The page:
The House Ways & Means tax plan would help low-income and wealthy households. TPC is out with model estimates of the major provisions in the bill to make the child tax credit and certain business tax breaks more generous through 2025. It would boost after-tax incomes for households by an average of $160 in 2023, with more noticeable tax cuts at both the top and bottom of the income distribution. Higher benefits for the top 1 percent of taxpayers in 2023 are due to the retroactive portion of the business tax changes, while lower-income households mostly benefit from the CTC adjustments. “TPC’s model allocates a portion of corporate tax changes to both the labor force and shareholders. However, our model assumes that retroactive business tax breaks mostly benefit shareholders.”
Don’t forget about the low-income housing tax credit. A less-discussed piece of the bill would make the credit more generous to incentivize the construction of more affordable housing. Via Bloomberg: “In 2018, Congress temporarily raised the amount of tax credits allocated to each state by 12.5%, but that expansion expired in 2021; the current tax deal seeks to restore the increase.”
Another idea for going after the “buy, borrow, die” tax avoidance strategy. In Tax Notes (paywall), an opinion piece by two law school professors—Edward Fox at the University of Michigan and Zachary LIschow at Yale—suggests a different strategy to clamp down on a common tax practice of billionaires. Instead of cashing in assets they own and paying capital gains taxes, the ultra-wealthy can instead use those assets as collateral to borrow large sums of cash. “The [realization] rule is based partly on the notion, correct or incorrect, that gains aren’t real until they become cash. But that argument does not apply when billionaires borrow against their gains and use the money.”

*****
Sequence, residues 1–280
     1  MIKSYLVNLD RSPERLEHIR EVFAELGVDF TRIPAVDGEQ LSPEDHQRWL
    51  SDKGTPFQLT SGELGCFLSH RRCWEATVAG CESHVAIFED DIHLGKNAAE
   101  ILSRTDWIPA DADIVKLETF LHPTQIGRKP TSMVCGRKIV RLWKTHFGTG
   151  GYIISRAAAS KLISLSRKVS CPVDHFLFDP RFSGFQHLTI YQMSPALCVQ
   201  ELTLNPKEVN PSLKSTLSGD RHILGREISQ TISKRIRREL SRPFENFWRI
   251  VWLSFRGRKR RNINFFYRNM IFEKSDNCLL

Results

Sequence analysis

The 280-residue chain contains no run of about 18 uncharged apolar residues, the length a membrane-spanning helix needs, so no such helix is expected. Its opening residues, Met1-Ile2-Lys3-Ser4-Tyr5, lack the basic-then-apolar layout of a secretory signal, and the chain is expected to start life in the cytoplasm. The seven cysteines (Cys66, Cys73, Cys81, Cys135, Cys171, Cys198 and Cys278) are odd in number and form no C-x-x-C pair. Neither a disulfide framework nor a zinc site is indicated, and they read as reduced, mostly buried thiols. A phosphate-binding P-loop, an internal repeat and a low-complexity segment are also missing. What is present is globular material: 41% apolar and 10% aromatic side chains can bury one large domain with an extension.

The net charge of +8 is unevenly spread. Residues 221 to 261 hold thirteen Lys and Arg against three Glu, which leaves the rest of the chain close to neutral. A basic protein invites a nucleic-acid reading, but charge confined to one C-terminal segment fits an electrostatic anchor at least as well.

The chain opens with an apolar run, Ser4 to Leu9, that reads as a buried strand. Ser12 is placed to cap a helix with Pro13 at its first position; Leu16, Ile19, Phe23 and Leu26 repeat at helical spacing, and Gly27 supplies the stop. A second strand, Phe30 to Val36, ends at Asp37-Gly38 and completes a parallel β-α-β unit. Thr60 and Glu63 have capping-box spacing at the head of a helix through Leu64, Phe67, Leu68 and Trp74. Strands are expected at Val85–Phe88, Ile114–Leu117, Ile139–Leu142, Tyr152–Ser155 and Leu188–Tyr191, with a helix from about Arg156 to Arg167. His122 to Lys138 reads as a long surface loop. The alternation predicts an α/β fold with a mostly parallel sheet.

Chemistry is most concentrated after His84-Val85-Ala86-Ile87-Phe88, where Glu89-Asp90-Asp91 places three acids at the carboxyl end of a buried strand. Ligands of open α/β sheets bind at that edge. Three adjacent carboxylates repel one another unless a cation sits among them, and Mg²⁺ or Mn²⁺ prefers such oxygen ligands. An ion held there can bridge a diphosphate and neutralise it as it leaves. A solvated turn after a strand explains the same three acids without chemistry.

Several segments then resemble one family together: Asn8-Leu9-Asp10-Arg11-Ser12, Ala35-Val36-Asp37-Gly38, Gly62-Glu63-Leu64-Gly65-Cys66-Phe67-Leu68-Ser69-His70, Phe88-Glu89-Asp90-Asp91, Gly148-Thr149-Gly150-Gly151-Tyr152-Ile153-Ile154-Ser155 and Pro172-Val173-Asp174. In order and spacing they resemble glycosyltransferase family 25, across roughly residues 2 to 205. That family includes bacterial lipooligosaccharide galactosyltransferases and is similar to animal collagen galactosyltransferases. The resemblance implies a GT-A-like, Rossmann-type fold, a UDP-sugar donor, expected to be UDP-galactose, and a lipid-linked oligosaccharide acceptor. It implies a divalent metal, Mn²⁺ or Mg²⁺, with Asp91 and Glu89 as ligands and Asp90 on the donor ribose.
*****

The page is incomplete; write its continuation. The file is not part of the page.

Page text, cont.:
UK Chancellor Jeremy Hunt eyes tax cuts for individuals. Several news outlets are reporting on Hunt’s plans to cut taxes, but no details are available as the government waits on new economic forecasts to move forward with its fiscal planning. The UK is due to hold its next general election before Jan. 28, 2025, and Prime Minister Rishi Sunak said Hunt will be staying on in his post. Hunt has also said elsewhere that the UK may already be in a recession.
In Brazil, a key policymaker backtracks on plans to revoke payroll tax breaks. Per Reuters, Rodrigo Pacheco, president of Brazil’s Federal Senate, said the government will not move forward with a plan to rescind payroll tax exemptions that are supposed to stay in place until 2027. “The exemption will stand, and there is a commitment from the federal government to…revoke this provisional measure in the part that concerns the payroll exemption,” Pacheco said at a Lide Group event in Switzerland.
For the latest tax news, subscribe to the Tax Policy Center’s Daily Deduction. Sign up here to have it delivered to your inbox weekdays at 8:00 am (Mondays only when Congress is in recess). We welcome tips on new research or other news. Email Renu Zaretsky at [email protected].